Using ChatGPT to Develop Survey Questions: A Survey Researcher’s Experience Using Artificial Intelligence (AI) for Item Development

July 17, 2023

Jennifer Ann Morrow, Ph.D., University of Tennessee-Knoxville

ChatGPT (Chat Generative Pre-trained Transformer; https://openai.com/), is a generative artificial intelligence (AI) chatbot-style tool that produces human-like text (Stokel-Walker & Van Noorden, 2023) and has becoming increasingly popular on college campus with approximately 43% of college students reporting using ChatGPT or a similar AI (Welding, 2023).  There has been a lot of negative press regarding students using ChatGPT to write their papers and complete assignments and it has caused quite a stir on college campuses (Nietzel, 2023). Is ChatGPT the new cool tool for academic cheating or is it simply a tool to aid in writing and research?

I first became introduced to ChatGPT by one of my graduate students who told me I needed to check it out. They said it was like a super-enhanced Ask Jeeves (https://en.wikipedia.org/wiki/Ask.com), which intrigued me (and made me laugh at the old reference) so I signed up for a free account (there is also a paid version). As one who trains emerging assessment and applied research professionals in survey research, I spend a lot of time in class talking about different methods to create survey items (e.g., brainstorming, literature review, expert panel). I wanted to see how well ChatGPT generates survey questions for a specific topic and population, so I tested it out. 

Reflections on Using ChatGPT for Developing Survey Questions

After creating a free profile, I entered my first prompt, “create survey questions measuring sense of belonging in college students” since this is an area of research that I’m knowledgeable about. ChatGPT generated ten questions, 1 closed-ended question and 9 open-ended questions. The closed ended question was, “On a scale of 1-10 how much do you feel a sense of belonging on your college campus?” It didn’t specify the direction of the anchors (i.e., was 1 low or high sense of belonging), and it didn’t label the values of any of the response choices. Most of the open-ended questions had decent stems (e.g., “How often do you meet with other students outside of class?” “Do you feel comfortable approaching your professors for help outside of class?”) but were not appropriate in their current form as open-ended questions since the wording restricted the type of response (e.g., one-word answer, yes/no response) that participants could provide. However, these question stems would be a good starting point to create a closed-ended set of items with a Likert-type response scale. I then used more specific prompts (e.g., create survey questions measuring sense of belonging in college students using a 5-point Likert response scale) and the items generated by ChatGPT needed less modification for me to consider using them in a survey. I kept repeating this process with more specific prompts until I got sets of items that were what I considered quality items for this topic. Overall, it took me about 30 minutes and four prompts to get a decent set of survey questions about college student sense of belonging that I could use in a survey.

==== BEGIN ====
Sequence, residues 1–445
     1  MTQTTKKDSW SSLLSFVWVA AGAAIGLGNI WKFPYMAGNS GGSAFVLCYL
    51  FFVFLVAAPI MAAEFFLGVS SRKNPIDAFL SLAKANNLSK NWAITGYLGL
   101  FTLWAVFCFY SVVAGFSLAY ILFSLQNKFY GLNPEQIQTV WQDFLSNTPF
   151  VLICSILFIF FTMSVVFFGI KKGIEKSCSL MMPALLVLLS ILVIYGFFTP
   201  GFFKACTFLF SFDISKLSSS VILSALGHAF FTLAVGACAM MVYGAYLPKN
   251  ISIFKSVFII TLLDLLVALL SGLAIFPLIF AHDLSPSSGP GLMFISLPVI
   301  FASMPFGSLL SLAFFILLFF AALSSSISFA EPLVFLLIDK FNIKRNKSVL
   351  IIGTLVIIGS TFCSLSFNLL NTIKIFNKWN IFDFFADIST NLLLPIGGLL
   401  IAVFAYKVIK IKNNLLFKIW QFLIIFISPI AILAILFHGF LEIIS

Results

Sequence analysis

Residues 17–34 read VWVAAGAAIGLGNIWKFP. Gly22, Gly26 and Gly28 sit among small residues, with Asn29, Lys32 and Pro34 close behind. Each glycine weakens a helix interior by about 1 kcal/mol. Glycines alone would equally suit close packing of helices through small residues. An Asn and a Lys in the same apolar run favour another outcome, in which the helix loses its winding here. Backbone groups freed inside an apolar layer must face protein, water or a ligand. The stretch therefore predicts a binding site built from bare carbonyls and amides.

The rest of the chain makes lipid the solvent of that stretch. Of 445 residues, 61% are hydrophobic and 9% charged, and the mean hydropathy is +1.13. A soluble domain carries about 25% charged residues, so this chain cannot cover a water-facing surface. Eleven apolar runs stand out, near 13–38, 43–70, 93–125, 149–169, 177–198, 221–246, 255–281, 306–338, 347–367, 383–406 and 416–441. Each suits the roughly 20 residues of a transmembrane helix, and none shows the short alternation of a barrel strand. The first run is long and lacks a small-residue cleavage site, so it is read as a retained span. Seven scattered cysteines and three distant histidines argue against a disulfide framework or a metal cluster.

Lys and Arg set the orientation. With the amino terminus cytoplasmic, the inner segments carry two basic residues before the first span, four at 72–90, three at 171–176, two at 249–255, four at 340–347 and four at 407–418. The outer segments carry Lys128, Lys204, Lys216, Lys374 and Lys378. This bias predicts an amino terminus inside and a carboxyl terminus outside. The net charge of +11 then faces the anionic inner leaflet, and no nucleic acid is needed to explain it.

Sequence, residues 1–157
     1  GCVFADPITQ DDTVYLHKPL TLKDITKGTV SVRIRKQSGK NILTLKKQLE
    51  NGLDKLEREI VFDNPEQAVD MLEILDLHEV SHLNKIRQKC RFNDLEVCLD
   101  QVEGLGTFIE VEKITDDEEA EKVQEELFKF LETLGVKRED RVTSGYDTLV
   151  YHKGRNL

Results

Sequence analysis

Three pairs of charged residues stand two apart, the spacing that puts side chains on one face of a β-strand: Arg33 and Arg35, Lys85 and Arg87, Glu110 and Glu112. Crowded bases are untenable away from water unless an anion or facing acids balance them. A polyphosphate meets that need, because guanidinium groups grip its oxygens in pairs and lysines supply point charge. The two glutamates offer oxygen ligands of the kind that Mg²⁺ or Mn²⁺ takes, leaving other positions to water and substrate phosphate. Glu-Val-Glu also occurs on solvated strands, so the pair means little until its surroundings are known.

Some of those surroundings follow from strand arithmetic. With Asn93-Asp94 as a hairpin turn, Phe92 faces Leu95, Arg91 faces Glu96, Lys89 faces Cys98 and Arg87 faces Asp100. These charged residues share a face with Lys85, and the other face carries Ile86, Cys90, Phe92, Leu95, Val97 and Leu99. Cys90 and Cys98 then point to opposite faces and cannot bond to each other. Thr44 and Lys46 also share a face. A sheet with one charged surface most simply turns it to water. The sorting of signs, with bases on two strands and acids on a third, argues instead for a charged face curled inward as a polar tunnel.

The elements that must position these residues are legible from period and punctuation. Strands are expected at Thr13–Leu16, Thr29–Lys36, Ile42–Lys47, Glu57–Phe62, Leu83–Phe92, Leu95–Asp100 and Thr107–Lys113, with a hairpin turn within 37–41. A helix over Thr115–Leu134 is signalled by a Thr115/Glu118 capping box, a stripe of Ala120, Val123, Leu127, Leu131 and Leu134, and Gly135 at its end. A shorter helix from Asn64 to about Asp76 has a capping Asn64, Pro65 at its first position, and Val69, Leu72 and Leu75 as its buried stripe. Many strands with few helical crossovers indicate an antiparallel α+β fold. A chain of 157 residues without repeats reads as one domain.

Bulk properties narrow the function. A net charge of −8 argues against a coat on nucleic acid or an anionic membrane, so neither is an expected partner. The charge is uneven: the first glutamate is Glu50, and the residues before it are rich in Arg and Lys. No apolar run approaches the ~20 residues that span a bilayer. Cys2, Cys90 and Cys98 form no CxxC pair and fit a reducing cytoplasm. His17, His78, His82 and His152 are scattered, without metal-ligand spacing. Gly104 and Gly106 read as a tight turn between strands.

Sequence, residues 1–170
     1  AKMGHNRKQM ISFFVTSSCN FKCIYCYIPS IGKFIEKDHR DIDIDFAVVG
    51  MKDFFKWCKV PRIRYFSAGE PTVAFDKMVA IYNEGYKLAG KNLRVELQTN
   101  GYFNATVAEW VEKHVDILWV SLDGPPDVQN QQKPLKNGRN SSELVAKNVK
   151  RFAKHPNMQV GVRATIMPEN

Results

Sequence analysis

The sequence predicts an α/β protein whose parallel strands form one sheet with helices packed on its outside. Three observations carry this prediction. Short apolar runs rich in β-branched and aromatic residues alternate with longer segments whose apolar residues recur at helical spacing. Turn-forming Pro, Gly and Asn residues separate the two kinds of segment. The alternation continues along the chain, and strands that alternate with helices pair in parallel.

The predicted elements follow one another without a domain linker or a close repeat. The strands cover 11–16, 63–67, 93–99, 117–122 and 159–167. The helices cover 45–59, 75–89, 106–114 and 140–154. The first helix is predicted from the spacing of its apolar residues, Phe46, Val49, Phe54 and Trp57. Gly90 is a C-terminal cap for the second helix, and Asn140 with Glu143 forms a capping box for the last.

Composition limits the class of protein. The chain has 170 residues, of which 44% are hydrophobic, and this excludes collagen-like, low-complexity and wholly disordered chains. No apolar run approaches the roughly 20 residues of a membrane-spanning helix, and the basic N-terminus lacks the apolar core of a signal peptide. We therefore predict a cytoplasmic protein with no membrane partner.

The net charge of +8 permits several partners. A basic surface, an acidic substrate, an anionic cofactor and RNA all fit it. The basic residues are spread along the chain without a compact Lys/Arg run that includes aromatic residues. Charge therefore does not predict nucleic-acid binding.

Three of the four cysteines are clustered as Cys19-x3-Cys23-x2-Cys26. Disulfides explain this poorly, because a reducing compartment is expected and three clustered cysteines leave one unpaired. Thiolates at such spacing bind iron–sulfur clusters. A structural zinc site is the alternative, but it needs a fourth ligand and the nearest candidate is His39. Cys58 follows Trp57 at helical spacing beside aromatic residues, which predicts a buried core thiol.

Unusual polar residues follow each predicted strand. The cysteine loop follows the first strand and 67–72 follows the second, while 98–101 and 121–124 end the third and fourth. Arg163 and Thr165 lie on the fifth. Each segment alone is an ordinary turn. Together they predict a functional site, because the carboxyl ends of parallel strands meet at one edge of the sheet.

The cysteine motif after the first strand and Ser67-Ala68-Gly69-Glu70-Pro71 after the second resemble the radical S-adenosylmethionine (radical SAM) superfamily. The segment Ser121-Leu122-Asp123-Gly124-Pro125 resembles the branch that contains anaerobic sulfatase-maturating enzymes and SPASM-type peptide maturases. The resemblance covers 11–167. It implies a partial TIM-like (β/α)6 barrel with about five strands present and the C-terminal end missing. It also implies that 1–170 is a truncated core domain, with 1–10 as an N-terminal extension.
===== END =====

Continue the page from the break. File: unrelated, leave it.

I also prompted ChatGPT to generate a set of demographic questions that I could include with my sense of belonging questions for my survey. My first prompt was “create a list of demographic questions I can use on a college student survey.” Ugh, definitely not specific enough! It generated six open-ended questions (e.g., “What is your race?”, “What is your age?”) that were very generic. I had to use multiple specific prompts (e.g., create a list of multiple choice questions containing a “prefer not to answer” and “other” option if applicable to measure college students’ demographics) before ChatGPT generated a list that was acceptable to me.